Creating Characters on Stage

Posted on 10 November 2014

A famous dictum of fine art is: your process is your own. How you get at creating works that are uniquely and authentically your own is your personal choice, your personal responsibility, and nobody else’s business. All means are valid, though perhaps not all means are recommended or ethical. These are things we need to think about.

If you create your work by swimming in green jelly then playing the nose flute, that may be considered eccentric, but if the results are engaging then worrying about simple oddity is moot. On the other hand if you cause harm to a person, such as by using a toxic paint on a photographic subject’s body, then you need to stop and take a closer look at your tools and your motives.

When performing as a comedian or an actor you can choose to embody a character by observing the behaviour and traits of others and bringing these observations into your performance, you can search within yourself to find the places where you are this character, or you can take on cultural stereotypes and represent a shared worldview to your audience.

In comedy and improvisational theatre we frequently rely on stereotypes. Mario and Luigi are barely human in Super Mario Brothers. They are stereotypical working class Italians with a cheerful can-do attitude. The characters are endearing, but they aren’t going to tell us very much about Italians, the working class, or ourselves. This does not mean as creations they lack value. Life is rough, anything that brings a little genuine joy is important. However, stereotypes at their worst are damaging to whole segments of our populations.

What is of concern is when the vast majority of media, especially that which purports to be representing reality, is trading largely on stereotypes. Stereotypes are then mistakenly seen as “archetypes” or “The Truth”.

I would strongly suggest performers spend time learning how to create a character where you go beyond cultural symbols and draw instead from personal understanding. If nothing else, when you go back to using a stereotypical character, you can bring it to life with greater detail, pathos, and humanity.

The way to start is by letting go of your culture’s judgements of both yourself and others. You cannot see a person’s humanity if you cannot go beyond seeing them as an expectation. If you expect to see lazy poor people, then you will see lazy poor people. If you have no expectations, then you may see some poor people who are lazy, but you may see many more who are frozen in despair or desperately diligent. It will be a complex picture.

I know far too many actors who only want to play an idealised version of themselves. Those who want to play villains often bring more interest to their performance, but they may still be looking for an idealised self, because villains seem to have more freedom and more power. All of us every day attempt to wear a self we feel will be effective and will help to make us likeable to ourselves and others. All that we are, all that we can be, much of it remains just beneath the surface unexpressed.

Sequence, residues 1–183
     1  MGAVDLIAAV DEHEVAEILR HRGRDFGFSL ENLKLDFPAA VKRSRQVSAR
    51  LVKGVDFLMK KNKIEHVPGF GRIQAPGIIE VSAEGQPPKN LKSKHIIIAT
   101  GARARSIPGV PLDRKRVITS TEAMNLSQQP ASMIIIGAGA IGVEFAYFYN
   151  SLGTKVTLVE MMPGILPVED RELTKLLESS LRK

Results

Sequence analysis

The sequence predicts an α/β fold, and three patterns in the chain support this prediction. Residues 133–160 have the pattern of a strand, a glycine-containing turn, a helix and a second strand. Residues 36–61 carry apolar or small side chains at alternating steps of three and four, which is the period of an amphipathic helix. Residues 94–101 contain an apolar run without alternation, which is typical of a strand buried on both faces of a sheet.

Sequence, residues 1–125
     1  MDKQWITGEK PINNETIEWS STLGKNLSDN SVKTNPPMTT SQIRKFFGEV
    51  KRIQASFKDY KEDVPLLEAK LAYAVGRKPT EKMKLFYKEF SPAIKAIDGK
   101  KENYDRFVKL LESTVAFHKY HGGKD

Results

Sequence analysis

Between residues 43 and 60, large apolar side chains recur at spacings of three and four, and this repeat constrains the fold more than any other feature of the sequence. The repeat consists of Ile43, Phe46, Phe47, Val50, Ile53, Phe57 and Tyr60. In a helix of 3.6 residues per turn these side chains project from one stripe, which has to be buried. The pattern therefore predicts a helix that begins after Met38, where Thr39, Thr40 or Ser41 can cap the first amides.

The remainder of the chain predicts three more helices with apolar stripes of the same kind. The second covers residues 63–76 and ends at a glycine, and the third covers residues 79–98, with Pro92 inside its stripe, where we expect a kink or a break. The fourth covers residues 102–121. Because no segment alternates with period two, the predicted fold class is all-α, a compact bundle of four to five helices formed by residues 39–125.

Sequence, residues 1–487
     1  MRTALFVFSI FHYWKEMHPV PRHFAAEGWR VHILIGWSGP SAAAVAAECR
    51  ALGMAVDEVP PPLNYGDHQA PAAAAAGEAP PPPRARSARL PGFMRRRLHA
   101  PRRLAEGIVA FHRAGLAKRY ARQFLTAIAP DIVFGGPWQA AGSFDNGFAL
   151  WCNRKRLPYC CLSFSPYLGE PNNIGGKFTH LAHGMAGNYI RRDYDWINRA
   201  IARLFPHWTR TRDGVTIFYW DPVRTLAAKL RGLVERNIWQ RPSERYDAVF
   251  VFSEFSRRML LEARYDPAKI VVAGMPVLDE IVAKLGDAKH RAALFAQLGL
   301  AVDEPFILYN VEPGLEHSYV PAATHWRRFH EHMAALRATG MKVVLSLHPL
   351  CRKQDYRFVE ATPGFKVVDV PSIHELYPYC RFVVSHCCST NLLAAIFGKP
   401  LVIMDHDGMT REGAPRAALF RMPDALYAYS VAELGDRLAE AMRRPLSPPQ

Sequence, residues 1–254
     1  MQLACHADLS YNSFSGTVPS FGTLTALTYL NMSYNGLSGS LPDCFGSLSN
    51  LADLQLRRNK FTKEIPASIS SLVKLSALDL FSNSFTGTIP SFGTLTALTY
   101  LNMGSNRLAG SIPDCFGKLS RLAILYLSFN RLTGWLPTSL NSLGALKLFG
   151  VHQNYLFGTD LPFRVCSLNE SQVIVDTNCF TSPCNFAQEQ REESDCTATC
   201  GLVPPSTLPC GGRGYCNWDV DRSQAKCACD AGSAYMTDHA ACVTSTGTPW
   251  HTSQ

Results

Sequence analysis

As a child I learned to hide any good grades I received. When other children found out about a paper of mine receving an “A”, they would tear it from my hands, rip it up, push me to the ground, pull my hair, and call me names. I knew children who could do as well or better than myself in various subjects, but who carefully avoided standing out.

Dysfunctional families are notorious for putting on happy smiles when what lies beneath is turmoil and pain. The reality is that a family member revealing themselves could become subject to dangerous repercussions. In order to survive physically and emotionally members will present as hyper-normal and hyper-cheerful. “Nothing wrong here, look the other way.”

No one wants to be hurt. No one wants to be ostracised. We all want people in our lives who respect, care for, and validate us. Our culture tells us only certain sorts of people live the good life. So many of us act as characters in our own lives hoping to achieve it.

If you want to be a performer or creator of any note, you have to let go of that one character, at least for the space of a show. You have to recognise the validity of anger, fear, and love, whether or not you approve of how these things are expressed by your character. You have to find strength in vulnerability. You need to trust your audience and reveal yourself. You also have to have faith that goodness can be found in a wide diversity of people. Many folk put on a show of toughness and darkness in order to protect a fragile side.

Whether or not you can find it in yourself to believe you are a particular character, by respecting that character—you will find its humanity, express that humanity more truthfully, and give your audience something of real value. You will be respected as an actor and remembered, not superficially admired for a resemblance to a cardboard hero (or villain) and soon forgotten.

When I teach creative writing courses, I tell my students they need to see their characters as a basket full of puppies. One puppy may be a little slow, another may willfully widdle on things, still another may be over-eager to play ball. They are all different, and some of them are even naughty, but you love every one of them. Each one is special and each has a right to their existence. We can be so unforgiving of ourselves and others that it is hard to see people in this fashion, but it is an artistic necessity. The greatest artists hold at least a seed of compassion for all humanity in their hearts.

Peace and kindness,


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